Have a Heart for Kids Day rally, 2015

Fact Sheet: Oral Health Matters

For too long, oral health has gone unrecognized as integral to overall health. Too many Washingtonians do not have access to routine and preventive oral health care.

Children from low-income households and children of color have the worst access to regular oral health care and the highest rates of decay.

Among adults, oral disease is linked with serious health problems like heart disease, diabetes, respiratory infections, and osteoporosis.

Nearly 24 percent of Washington seniors with annual incomes under $25,000 have not seen a dentist in five years or more.

Oral Health Across the Lifespan

Good oral health is important at every age, and tooth decay and other oral diseases are preventable through a combination of fluoride, dental sealants, and access to affordable, regular dental care.

PREGNANT WOMEN, INFANTS, AND TODDLERS

• An infection caused by bacteria in the mouth can be passed from a pregnant mom to her baby, which may affect the baby’s health.

• For infants and toddlers, untreated dental decay can impede proper nutrition and speech development and set a course for a lifetime of poor oral health.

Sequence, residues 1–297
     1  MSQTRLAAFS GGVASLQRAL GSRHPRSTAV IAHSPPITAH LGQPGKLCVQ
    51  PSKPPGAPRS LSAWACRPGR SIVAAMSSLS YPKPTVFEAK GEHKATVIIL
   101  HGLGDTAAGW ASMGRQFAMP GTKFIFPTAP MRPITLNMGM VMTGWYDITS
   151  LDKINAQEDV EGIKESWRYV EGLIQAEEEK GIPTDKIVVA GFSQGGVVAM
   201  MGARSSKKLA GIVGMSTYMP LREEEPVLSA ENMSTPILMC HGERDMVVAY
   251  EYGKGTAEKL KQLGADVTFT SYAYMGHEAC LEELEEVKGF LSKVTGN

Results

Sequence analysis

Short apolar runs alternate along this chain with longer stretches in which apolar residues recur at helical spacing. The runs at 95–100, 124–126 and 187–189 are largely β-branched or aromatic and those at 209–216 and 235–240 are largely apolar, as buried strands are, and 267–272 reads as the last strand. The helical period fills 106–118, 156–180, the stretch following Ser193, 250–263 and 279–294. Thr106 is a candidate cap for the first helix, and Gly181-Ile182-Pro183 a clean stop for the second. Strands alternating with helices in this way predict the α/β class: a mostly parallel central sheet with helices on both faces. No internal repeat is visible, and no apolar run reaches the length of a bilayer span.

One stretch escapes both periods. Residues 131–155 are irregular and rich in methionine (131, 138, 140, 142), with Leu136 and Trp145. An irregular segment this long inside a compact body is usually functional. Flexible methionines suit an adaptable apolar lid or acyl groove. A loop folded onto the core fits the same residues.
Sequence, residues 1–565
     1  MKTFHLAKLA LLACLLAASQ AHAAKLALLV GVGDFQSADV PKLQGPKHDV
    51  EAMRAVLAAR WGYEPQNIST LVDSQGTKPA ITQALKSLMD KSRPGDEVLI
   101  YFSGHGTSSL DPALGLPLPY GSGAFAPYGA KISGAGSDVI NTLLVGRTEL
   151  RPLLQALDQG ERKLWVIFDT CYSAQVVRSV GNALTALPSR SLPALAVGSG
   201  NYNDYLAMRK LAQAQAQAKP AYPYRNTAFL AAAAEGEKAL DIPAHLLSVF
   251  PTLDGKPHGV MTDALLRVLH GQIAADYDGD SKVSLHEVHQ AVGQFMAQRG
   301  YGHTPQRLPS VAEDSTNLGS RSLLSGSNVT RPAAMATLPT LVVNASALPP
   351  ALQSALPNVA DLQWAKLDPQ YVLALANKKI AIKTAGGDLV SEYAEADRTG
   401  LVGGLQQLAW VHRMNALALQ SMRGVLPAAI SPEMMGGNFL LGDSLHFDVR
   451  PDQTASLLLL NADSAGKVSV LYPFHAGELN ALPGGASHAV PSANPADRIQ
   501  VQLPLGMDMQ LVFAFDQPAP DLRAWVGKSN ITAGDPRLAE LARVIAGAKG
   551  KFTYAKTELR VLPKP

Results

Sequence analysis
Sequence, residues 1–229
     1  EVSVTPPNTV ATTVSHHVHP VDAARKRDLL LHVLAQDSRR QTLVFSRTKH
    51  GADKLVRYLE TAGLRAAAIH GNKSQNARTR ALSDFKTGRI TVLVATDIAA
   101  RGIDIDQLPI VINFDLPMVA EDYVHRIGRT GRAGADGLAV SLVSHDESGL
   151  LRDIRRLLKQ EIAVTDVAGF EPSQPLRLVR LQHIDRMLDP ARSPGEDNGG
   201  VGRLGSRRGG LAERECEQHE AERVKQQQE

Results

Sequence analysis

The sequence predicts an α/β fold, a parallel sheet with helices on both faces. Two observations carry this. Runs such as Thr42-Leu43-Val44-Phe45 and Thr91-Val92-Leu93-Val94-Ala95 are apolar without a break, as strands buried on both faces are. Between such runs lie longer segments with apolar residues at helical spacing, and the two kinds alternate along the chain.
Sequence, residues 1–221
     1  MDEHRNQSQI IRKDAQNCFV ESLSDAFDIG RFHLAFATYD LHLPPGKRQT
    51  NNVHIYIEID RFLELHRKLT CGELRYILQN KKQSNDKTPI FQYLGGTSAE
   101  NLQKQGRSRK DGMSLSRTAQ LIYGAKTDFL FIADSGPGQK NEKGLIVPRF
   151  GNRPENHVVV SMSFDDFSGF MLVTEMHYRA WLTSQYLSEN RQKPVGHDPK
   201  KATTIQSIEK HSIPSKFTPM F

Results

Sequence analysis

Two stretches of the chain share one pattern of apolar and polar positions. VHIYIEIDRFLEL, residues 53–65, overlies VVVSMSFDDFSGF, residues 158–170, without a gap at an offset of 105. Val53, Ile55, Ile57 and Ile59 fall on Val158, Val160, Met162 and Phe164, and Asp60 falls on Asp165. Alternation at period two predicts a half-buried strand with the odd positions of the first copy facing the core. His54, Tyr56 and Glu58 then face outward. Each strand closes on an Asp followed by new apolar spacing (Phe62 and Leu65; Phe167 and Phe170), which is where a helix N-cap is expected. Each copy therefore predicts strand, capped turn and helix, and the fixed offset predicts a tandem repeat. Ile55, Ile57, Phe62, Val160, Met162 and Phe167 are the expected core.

CHILDREN AND YOUTH

• Good oral health is essential to a child’s social well-being and academic success.

• Children of color and children in low-income households have the highest rates of dental decay and the fewest experiences with a dental professional.

• In Washington, Latino children are twice as likely as white children to have rampant decay; American Indian and Alaska Native children are three times more likely.

ADULTS

• Regular dental care can prevent extensive and costly treatment in later years.

• For adults, it is essential to reduce the risk of damage to teeth and gums. Infections in the mouth have been linked to other systemic health problems, such as stroke, heart attack, and diabetes.

• Black, American Indian, Alaska Native, multiracial, and Latino adults are more likely to lose their teeth than white and Asian adults.

SENIORS

• As they age, people experience a natural wearing-away of the teeth and gums, which can make them more vulnerable to oral disease.

• Seniors who maintain good oral health tend to have better quality of life. Untreated oral disease in seniors can impede proper nutrition.

• Chinese, Filipino, Korean, Vietnamese, and Hispanic elders in Snohomish County identified dental care as one of their greatest needs.

Download a copy of this brief (pdf).